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Evolution according to Amdahl's law of the theoretical speedup in latency of the execution of a program in function of the number of processors executing it, for different values of p. The speedup is limited by the serial part of the program. For example, if 95% of the program can be parallelized, the theoretical maximum speedup using parallel computing would be 20 times.

In computer architecture, Amdahl's law (or Amdahl's argument[1]) is a formula which gives the theoretical speedup in latency of the execution of a task at fixed workload that can be expected of a system whose resources are improved. It is named after computer scientist Gene Amdahl, and was presented at the AFIPS Spring Joint Computer Conference in 1967.

Amdahl's law is often used in parallel computing to predict the theoretical speedup when using multiple processors. For example, if a program needs 20 hours using a single processor core, and a particular part of the program which takes one hour to execute cannot be parallelized, while the remaining 19 hours (p = 0.95) of execution time can be parallelized, then regardless of how many processors are devoted to a parallelized execution of this program, the minimum execution time cannot be less than that critical one hour. Hence, the theoretical speedup is limited to at most 20 times (1/(1 − p) = 20). For this reason parallel computing with many processors is useful only for very parallelizable programs.

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DefinitionEdit

Amdahl's law can be formulated the following way:

 

where

  • Slatency is the theoretical speedup of the execution of the whole task;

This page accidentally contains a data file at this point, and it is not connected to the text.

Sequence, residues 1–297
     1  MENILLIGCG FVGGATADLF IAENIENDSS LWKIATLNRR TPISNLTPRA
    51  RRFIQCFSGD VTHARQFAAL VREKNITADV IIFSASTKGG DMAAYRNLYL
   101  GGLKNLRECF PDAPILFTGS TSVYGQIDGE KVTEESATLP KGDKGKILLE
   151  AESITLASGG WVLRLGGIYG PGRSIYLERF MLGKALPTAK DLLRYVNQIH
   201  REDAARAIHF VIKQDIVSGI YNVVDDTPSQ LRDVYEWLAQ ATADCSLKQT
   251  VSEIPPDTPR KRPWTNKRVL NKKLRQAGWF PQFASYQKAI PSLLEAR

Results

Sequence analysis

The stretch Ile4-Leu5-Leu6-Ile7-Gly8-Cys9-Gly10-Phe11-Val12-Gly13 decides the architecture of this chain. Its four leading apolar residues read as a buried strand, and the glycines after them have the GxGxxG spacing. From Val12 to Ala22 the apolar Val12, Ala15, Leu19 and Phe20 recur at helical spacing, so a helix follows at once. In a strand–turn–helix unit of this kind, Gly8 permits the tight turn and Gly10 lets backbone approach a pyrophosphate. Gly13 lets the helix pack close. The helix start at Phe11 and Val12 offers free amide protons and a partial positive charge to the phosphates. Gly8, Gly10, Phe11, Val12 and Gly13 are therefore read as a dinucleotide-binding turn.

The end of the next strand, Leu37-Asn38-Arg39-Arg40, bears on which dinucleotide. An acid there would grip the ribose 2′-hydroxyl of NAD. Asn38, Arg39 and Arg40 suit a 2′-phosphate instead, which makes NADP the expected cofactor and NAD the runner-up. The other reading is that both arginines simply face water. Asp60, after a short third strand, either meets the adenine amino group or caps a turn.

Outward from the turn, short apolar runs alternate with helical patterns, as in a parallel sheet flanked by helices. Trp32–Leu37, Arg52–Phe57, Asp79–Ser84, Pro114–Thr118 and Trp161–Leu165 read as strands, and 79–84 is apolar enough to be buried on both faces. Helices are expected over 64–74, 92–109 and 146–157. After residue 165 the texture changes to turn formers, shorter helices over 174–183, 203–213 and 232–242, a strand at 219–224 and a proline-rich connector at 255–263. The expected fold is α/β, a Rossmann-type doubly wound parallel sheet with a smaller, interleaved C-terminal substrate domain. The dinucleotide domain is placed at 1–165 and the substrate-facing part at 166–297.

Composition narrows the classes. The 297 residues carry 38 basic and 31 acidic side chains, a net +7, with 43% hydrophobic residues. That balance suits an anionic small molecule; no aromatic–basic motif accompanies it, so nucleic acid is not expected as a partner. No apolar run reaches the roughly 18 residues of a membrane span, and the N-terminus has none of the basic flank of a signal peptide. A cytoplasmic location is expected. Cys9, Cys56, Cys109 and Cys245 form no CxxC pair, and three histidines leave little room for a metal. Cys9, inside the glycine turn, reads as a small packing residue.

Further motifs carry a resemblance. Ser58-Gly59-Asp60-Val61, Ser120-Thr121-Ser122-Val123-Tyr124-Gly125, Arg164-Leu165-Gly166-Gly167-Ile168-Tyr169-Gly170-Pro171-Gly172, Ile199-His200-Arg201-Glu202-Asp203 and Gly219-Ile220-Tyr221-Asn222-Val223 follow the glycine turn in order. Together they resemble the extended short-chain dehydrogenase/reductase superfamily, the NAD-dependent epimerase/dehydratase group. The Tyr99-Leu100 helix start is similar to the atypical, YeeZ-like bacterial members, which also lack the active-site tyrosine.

• s is the speedup of the part of the task that benefits from improved system resources;
  • p is the proportion of execution time that the part benefiting from improved resources originally occupied.

Furthermore,

 

shows that the theoretical speedup of the execution of the whole task increases with the improvement of the resources of the system and that regardless of the magnitude of the improvement, the theoretical speedup is always limited by the part of the task that cannot benefit from the improvement.

Amdahl's law only applies to cases where the problem size is fixed. In practice, as more computing resources become available, they tend to get used on larger problems (larger datasets), and the time spent in the parallelizable part often grows much faster than the inherently serial work. In this case, Gustafson's law gives a less pessimistic and more realistic assessment of parallel performance.[2]

DerivationEdit

A task executed by a system whose resources are improved compared to an initial similar system can be split up into two parts:

  • a part that does not benefit from the improvement of the resources of the system;
  • a part that benefits from the improvement of the resources of the system.

An example is a computer program that processes files from disk. A part of that program may scan the directory of the disk and create a list of files internally in memory. After that, another part of the program passes each file to a separate thread for processing. The part that scans the directory and creates the file list cannot be sped up on a parallel computer, but the part that processes the files can.

The execution time of the whole task before the improvement of the resources of the system is denoted  . It includes the execution time of the part that would not benefit from the improvement of the resources and the execution time of the one that would benefit from it. The fraction of the execution time of the task that would benefit from the improvement of the resources is denoted by  . The one concerning the part that would not benefit from it is therefore  . Then:

 

It is the execution of the part that benefits from the improvement of the resources that is sped up by the factor   after the improvement of the resources. Consequently, the execution time of the part that does not benefit from it remains the same, while the part that benefits from it becomes: